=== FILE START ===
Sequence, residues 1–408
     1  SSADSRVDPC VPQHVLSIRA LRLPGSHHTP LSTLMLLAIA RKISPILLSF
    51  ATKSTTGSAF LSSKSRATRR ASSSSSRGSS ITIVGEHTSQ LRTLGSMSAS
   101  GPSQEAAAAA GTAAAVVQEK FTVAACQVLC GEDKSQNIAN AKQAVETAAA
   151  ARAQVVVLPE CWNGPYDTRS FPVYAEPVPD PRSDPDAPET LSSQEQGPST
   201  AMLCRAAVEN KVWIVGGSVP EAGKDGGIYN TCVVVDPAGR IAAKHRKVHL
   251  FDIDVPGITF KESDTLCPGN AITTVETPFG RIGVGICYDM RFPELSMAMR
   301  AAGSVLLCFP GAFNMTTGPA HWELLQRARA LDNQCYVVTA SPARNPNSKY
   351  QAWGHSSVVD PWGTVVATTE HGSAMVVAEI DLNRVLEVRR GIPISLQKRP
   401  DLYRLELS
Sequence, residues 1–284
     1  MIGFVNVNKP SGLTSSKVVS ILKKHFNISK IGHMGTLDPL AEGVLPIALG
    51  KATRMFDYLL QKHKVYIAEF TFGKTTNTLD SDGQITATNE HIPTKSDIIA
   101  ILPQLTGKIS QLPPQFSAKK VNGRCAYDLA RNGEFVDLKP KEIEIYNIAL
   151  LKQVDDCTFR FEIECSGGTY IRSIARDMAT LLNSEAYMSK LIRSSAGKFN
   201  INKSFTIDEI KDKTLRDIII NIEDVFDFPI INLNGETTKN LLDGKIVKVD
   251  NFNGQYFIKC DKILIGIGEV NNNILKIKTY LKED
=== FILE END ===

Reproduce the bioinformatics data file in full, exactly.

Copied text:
Sequence, residues 1–408
     1  SSADSRVDPC VPQHVLSIRA LRLPGSHHTP LSTLMLLAIA RKISPILLSF
    51  ATKSTTGSAF LSSKSRATRR ASSSSSRGSS ITIVGEHTSQ LRTLGSMSAS
   101  GPSQEAAAAA GTAAAVVQEK FTVAACQVLC GEDKSQNIAN AKQAVETAAA
   151  ARAQVVVLPE CWNGPYDTRS FPVYAEPVPD PRSDPDAPET LSSQEQGPST
   201  AMLCRAAVEN KVWIVGGSVP EAGKDGGIYN TCVVVDPAGR IAAKHRKVHL
   251  FDIDVPGITF KESDTLCPGN AITTVETPFG RIGVGICYDM RFPELSMAMR
   301  AAGSVLLCFP GAFNMTTGPA HWELLQRARA LDNQCYVVTA SPARNPNSKY
   351  QAWGHSSVVD PWGTVVATTE HGSAMVVAEI DLNRVLEVRR GIPISLQKRP
   401  DLYRLELS
Sequence, residues 1–284
     1  MIGFVNVNKP SGLTSSKVVS ILKKHFNISK IGHMGTLDPL AEGVLPIALG
    51  KATRMFDYLL QKHKVYIAEF TFGKTTNTLD SDGQITATNE HIPTKSDIIA
   101  ILPQLTGKIS QLPPQFSAKK VNGRCAYDLA RNGEFVDLKP KEIEIYNIAL
   151  LKQVDDCTFR FEIECSGGTY IRSIARDMAT LLNSEAYMSK LIRSSAGKFN
   201  INKSFTIDEI KDKTLRDIII NIEDVFDFPI INLNGETTKN LLDGKIVKVD
   251  NFNGQYFIKC DKILIGIGEV NNNILKIKTY LKED